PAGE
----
It’s also almost a given that her characters are equally multifaceted, and it’s my own fault that I didn’t quite warm to Brie and Bastian at all, with the former being more manipulatively needy and self-pitying because of her past than I expected, while the latter was too careless with people and unashamedly being Bastian the bastard about it. The games they later played with each other because neither of them could get a handle on commitment also didn’t help my ability to like Brie/Bastian as a pairing while as Brie’s ‘rich girl’s woe-is-me penance’ got tiring after a while. That said, the first half of ‘Catalyst’ enthralled me more than the second, where I found I needed to suspend disbelief a bit more when it seemed that many of the mysterious threads laid out so intricately in the first half were actually tied together by an obsessive man in Brie’s past.

The action and suspense are nonetheless very well-done and I was especially taken by the hostile tension between Savannah James and Cal whose book I hope Grant tackles next, as much as I loved the appearance of one of Grant’s best heroes in the Evidence series here.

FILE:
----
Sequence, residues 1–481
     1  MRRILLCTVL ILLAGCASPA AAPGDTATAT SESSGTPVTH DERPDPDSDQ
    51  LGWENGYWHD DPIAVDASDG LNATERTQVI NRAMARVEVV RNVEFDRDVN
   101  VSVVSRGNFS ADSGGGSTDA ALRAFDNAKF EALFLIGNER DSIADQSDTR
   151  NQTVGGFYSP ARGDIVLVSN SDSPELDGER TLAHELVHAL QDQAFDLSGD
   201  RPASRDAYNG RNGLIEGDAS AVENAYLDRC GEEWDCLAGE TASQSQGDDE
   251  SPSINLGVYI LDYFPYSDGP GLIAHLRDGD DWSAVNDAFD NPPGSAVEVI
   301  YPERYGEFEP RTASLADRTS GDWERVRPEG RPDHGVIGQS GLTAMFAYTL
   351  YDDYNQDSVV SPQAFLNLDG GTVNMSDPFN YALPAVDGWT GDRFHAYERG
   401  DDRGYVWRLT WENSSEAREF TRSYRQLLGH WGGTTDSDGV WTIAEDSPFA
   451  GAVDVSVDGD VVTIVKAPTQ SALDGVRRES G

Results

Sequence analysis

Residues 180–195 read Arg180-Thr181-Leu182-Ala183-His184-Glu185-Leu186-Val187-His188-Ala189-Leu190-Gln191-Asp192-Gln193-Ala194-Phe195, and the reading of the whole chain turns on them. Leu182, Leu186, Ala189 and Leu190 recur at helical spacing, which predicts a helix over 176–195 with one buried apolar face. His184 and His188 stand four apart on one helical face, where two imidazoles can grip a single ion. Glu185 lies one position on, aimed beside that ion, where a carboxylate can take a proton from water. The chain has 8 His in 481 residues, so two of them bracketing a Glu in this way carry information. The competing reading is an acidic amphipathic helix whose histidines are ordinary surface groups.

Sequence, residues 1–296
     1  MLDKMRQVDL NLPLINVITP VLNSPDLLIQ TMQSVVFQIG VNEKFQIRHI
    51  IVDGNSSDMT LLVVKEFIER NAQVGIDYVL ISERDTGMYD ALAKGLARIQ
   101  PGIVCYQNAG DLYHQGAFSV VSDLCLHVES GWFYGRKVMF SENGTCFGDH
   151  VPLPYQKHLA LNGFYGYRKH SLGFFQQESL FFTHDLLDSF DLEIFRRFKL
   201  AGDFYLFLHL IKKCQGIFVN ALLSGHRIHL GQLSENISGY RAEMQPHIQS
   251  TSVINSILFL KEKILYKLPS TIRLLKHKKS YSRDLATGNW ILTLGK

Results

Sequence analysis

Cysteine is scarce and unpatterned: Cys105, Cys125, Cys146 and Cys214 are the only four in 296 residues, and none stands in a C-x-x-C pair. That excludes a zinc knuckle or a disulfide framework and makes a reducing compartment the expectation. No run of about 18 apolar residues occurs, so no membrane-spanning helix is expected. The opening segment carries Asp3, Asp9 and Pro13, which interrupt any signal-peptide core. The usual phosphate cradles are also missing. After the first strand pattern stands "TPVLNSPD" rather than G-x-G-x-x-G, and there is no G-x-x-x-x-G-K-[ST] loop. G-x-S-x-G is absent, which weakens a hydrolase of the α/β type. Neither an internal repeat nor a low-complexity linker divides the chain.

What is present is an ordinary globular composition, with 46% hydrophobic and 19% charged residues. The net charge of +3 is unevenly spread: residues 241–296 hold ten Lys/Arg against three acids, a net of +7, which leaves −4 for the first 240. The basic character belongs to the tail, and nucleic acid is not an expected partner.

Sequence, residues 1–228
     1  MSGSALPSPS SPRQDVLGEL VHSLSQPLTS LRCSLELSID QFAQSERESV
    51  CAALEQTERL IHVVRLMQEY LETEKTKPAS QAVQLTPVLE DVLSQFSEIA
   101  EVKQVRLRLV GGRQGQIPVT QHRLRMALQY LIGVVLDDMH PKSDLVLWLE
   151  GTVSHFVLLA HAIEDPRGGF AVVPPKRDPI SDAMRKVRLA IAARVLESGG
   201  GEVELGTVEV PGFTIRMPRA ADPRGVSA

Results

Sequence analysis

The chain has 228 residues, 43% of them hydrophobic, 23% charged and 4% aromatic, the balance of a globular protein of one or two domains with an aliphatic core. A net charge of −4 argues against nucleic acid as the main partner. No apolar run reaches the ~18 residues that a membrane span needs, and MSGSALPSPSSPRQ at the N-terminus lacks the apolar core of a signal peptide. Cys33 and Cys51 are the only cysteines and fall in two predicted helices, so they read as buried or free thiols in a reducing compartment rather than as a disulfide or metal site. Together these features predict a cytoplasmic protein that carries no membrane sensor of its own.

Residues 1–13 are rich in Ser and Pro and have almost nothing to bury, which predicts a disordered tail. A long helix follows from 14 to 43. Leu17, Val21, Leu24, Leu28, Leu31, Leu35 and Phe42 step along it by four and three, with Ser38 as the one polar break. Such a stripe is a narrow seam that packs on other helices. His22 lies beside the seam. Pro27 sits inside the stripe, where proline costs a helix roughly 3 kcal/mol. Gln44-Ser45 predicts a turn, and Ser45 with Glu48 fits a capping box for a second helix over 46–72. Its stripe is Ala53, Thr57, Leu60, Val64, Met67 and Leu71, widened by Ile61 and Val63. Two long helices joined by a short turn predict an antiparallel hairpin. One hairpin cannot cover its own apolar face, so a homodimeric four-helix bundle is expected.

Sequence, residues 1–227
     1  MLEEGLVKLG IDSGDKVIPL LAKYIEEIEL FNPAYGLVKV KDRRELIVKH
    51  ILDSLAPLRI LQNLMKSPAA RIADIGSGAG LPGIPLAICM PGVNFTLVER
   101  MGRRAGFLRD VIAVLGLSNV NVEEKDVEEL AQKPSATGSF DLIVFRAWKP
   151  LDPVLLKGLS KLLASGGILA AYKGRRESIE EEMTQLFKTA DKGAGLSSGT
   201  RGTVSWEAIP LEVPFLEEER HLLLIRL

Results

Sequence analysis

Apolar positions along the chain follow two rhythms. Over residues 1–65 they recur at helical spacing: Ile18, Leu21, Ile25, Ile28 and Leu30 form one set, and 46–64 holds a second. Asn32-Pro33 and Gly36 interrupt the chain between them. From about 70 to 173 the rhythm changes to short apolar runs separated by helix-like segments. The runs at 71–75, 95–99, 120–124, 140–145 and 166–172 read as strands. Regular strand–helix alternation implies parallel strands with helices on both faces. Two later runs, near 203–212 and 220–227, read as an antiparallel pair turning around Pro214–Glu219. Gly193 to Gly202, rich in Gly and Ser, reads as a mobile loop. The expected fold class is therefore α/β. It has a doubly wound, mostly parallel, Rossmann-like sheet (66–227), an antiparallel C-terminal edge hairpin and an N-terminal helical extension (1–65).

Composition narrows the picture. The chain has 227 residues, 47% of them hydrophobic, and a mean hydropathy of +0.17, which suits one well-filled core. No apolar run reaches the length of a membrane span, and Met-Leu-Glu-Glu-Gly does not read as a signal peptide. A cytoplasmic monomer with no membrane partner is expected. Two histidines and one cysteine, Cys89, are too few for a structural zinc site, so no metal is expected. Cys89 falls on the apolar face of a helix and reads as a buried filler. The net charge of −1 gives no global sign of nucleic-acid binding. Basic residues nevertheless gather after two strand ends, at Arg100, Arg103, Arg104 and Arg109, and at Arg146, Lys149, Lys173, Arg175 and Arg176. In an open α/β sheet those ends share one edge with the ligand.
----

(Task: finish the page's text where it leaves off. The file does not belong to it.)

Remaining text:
three-stars

Adrenaline Secrets by Carolyn Reilly

Posted in Action/Adventure/ Advanced Reader Copy/ Fantasy/ Military/Paramilitary/ Netgalley/ Reviews/ Romantic Suspense/ Speculative Fiction/ Syfy/ Syfy Romance/ Urban Fantasy 19th October 2017
Adrenaline Secrets by Carolyn ReillyAdrenaline Secrets by Carolyn Reilly
Series: Deadly DNA #1
on October 8th 2017
Pages: 216
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three-stars

He's a trained, cold-blooded killer. Freelancing as a soldier for hire, Jake Hanson is ready to take down GovCorp, the ruthless corporation that created the mercenary that he is. But when he gets teamed up in the jungles of Africa with the fiery and determined Kendra Reed, Jake struggles with his mission. After all, he's not programmed to feel—but he's beginning to feel a hell of a lot for the feisty ex-soldier.

She's a spy looking for answers. Kendra Reed works for GovCorp as a translator. But she has a hidden agenda. She's after the truth—and she'll stop at nothing to get it. Working with a genetically-engineered bad boy sparks intrigue in her. But the last thing Kendra needs is to be falling for someone like Jake.